Connecticut Star Party 33

By Al Washburn

While gearing up for CSP 33, “cloudy skies” were “clearly” in the forecast, as a result of the presence of Hurricane Lee looming ominously off the East Coast. Regardless, ASNH members began arriving on Friday September 15 around 11 am, to begin the roping off of the observing field, setting up directional signs and preparing the main building. At 2 pm the traditional pizza lunch arrived and all took a break. Work continued and by mid-afternoon the camp was ready as people arrived and exchanged hugs, handshakes and greetings with old friends. Dinner was served at 7pm, and later attendees began to wander off to their tents under overcast skies.

Saturday morning greeted clearing skies and an improving forecast. During breakfast, President Greg Barker informed everyone that a bear had been seen in the area. Cheryl Barker’s store was in full swing. The first talk began at 10:30 am, via zoom, with Sean Linden reporting on the latest findings from the James Webb Space Telescope. Lunch was served at noon. At 1 pm, via zoom, Kelly Korreck reported on solar research findings from the Parker Solar Probe. Finally, at 2 pm, Michael Person, in person, yikes!, spoke on using stellar occultations to study small bodies in the outer solar system. The traditional group photo was taken at 4:15 pm followed shortly after by the kids’ raffle. Finally, at 5:15 pm the adult raffle, always an exciting time, began with numerous prizes, large and small. Thanks to all our contributors!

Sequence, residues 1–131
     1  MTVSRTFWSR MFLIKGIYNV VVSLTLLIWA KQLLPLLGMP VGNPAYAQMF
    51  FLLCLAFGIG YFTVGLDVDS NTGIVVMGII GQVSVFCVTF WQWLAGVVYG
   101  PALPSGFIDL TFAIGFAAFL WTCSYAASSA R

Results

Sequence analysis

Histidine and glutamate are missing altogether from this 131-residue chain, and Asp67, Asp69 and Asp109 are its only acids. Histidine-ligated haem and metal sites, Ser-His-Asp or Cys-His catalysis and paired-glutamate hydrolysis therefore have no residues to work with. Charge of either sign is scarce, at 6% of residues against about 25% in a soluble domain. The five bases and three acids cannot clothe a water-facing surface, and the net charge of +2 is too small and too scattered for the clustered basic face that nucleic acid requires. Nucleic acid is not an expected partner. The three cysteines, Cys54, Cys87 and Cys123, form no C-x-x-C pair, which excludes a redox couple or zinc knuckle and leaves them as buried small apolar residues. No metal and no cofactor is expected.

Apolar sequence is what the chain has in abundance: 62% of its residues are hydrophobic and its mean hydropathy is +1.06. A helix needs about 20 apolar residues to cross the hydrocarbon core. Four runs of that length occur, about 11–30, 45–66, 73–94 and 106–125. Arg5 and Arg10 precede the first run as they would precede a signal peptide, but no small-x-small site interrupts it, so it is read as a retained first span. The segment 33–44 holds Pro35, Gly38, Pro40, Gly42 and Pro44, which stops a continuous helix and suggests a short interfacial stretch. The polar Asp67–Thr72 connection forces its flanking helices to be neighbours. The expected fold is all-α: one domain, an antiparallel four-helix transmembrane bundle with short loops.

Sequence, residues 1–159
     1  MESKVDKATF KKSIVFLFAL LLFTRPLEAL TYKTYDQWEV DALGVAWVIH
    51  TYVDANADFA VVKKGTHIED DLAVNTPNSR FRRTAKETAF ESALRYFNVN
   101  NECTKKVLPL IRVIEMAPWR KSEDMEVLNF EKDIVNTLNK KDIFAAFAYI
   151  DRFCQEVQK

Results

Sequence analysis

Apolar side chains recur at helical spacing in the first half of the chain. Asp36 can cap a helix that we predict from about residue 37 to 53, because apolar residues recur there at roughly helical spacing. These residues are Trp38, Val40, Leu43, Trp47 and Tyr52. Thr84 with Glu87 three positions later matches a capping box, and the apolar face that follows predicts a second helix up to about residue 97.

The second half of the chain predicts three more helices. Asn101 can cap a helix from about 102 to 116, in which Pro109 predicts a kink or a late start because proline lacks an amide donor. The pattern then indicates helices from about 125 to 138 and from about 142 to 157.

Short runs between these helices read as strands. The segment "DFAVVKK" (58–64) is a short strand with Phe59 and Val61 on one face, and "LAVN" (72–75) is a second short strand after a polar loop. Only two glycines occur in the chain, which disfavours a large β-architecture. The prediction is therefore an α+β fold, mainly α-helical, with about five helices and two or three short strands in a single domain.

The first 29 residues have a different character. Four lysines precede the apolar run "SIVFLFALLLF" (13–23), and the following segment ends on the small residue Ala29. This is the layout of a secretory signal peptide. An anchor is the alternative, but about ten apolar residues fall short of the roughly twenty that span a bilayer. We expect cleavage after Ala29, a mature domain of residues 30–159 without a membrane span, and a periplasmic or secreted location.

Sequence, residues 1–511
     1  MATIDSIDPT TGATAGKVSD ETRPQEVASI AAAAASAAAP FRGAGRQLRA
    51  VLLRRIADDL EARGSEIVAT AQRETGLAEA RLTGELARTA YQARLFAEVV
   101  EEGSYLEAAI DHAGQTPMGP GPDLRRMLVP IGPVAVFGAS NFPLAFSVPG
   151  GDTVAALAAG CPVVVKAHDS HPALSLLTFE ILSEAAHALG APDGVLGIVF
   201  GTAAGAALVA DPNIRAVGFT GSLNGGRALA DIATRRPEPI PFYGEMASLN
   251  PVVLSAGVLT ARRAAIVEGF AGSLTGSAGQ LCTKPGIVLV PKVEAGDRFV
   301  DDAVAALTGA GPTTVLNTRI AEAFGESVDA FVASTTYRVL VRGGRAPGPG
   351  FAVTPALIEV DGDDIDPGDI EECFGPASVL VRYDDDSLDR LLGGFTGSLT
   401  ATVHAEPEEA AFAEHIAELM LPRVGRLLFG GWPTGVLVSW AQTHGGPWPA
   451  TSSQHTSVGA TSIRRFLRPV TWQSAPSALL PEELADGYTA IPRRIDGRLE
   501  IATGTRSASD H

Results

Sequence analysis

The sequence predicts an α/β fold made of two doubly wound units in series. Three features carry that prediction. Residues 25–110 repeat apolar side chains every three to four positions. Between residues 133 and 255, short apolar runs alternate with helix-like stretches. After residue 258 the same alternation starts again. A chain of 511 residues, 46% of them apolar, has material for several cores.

Dinner followed at 6 pm, whereafter many hurried off to their campsites to ready their telescopes, as the darkening skies were beckoning. As observing began, in the late evening twilight, telescope silhouettes abounded when looking west to the setting Sun. Saturn was waiting, already nicely placed for observing. Darkness descended upon us all and observing began in earnest. Mid-evening brought a strange sight with the crossing overhead of a line of Starlink satellites, whose pearl-like chain of bright lights moving across the sky got everyone’s attention. Later, Jupiter’s luminous glow announced his arrival, ascending on the eastern horizon. The skies were clear at this time and the observing carried on. I called it a night at 10:30, after tracking down 22 objects, including planets, M-objects, and double stars, but many continued on into the night.

Sunday brought a beautiful sunrise, breakfast, removal of ropes and signs, cleaning up, packing up and saying goodbye to good friends for another year.

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